When the cap is pivoted onto the body, the energy director 529′ is generally melted by, e.g., ultrasonic energy or other conventional means, to induce formation of a strong, leak-free joint bond between the bottom surface and cap surface. The bond so formed seals the fluid within the chamber, preventing fluid from diffusing out from the reaction zone. Alternatively, a seal may be formed by the application of adhesives.

The sensor of the third embodiment is also a capillary fill device; i.e., when the capillary opening 328′ is placed in contact with the fluid being tested, the reaction zone 324′ draws the fluid sample into the zone. Included in cap 327′ is sample fill vent 368′. When cap 327′ is folded onto body 312′, at least a portion of the sample fill vent 368′ is in communication with the reaction zone to form a depressurization vent 378′ for releasing air from the reaction zone as the zone fills with fluid. The depressurization vent 378′ extends between one edge of the sample fill vent 368′ and the ledge 415′ of the reaction zone, which is the back wall of the reaction zone farthest from the terminal end 316′. FIGS. 20 a,b show a magnified view of the terminal end portion of the sensor 310′ of FIG. 17. FIG. 20 a shows the cap 327′ extended away from the body, and FIG. 20 b shows the cap 327′ folded onto the body of the sensor.

The depressurization vent 378′ provides for fill detection in the third embodiment. Fluid drawn through the capillary opening 328′ travels along the capillary, preferably in the lower portion of the body 312′, to the reaction zone 324′ where it contacts the electrodes 331′,332′ of sensor 310′ (or electrodes 330,331,332 of sensor 330,331,332). Preferably, the surface of the electrodes facing the upper surface 315′ of the body is flush with the bottom periphery of the capillary inlet 328′. As sample fluid enters the reaction zone 324′, it travels toward the end of the reaction zone farthest from the capillary inlet until it reaches the depressurization vent 378′. As the fluid displaces air present in the depressurization vent 378′, the fluid contacts at least one of the electrodes in the reaction zone, so as to close an open circuit in the sensor 310′ and cause current to flow through the sensor. The flow of current in the sensor activates the meter, signaling that the capillary chamber or reaction zone is sufficiently filled with fluid. The depressurization vent 378′ may also be used to visually detect fluid fill in the reaction zone.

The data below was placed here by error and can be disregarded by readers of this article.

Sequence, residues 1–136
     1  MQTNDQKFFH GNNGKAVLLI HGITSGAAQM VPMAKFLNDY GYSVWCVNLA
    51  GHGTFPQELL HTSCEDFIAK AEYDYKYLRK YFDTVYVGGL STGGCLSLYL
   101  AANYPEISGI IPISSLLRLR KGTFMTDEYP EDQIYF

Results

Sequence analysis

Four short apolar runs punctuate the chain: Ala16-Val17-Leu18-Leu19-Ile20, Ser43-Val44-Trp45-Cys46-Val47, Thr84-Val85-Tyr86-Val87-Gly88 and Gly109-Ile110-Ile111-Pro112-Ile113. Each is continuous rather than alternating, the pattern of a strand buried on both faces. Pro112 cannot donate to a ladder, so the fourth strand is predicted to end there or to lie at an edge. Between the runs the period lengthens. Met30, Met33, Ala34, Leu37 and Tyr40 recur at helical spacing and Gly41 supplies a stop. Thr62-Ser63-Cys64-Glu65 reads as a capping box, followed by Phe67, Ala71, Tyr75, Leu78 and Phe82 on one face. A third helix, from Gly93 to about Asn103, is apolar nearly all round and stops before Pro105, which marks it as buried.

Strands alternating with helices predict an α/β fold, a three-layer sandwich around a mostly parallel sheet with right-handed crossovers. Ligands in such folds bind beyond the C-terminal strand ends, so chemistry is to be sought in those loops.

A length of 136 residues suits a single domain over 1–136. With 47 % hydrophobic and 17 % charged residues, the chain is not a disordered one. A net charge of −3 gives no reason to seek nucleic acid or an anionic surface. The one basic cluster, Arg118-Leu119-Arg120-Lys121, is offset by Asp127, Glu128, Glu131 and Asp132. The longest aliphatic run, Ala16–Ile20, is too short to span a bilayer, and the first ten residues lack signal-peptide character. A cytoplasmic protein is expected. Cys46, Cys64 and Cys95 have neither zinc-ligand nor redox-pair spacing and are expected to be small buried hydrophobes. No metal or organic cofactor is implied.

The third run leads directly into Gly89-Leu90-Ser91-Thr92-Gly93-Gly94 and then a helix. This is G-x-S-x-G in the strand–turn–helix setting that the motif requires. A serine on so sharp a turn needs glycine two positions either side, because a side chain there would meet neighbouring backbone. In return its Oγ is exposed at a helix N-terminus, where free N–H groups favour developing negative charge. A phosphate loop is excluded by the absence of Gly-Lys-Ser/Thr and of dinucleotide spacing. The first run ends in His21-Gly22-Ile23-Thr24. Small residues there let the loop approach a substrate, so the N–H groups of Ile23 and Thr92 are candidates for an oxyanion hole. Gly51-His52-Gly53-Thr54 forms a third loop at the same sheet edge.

The injection molded body 312 is constructed of an electrically insulating injection moldable plastic. The body 312 is molded around the electrically conductive plate (stamped or cast) with its leads 330,331,332 so that the conductive plate is encased primarily within the body 312. The conductive plate is a single piece of material; it includes the leads 330,331,332 (330′,331′ in FIG. 18) and the connecting segments 430 and 431 (reference no. 432 in sensor 310′). After the sensor is made, the segments 430 and 431 interconnecting the leads are cut and/or removed to separate the leads from one another. If the interconnecting segments remained intact during operation of the sensor, the system would short circuit.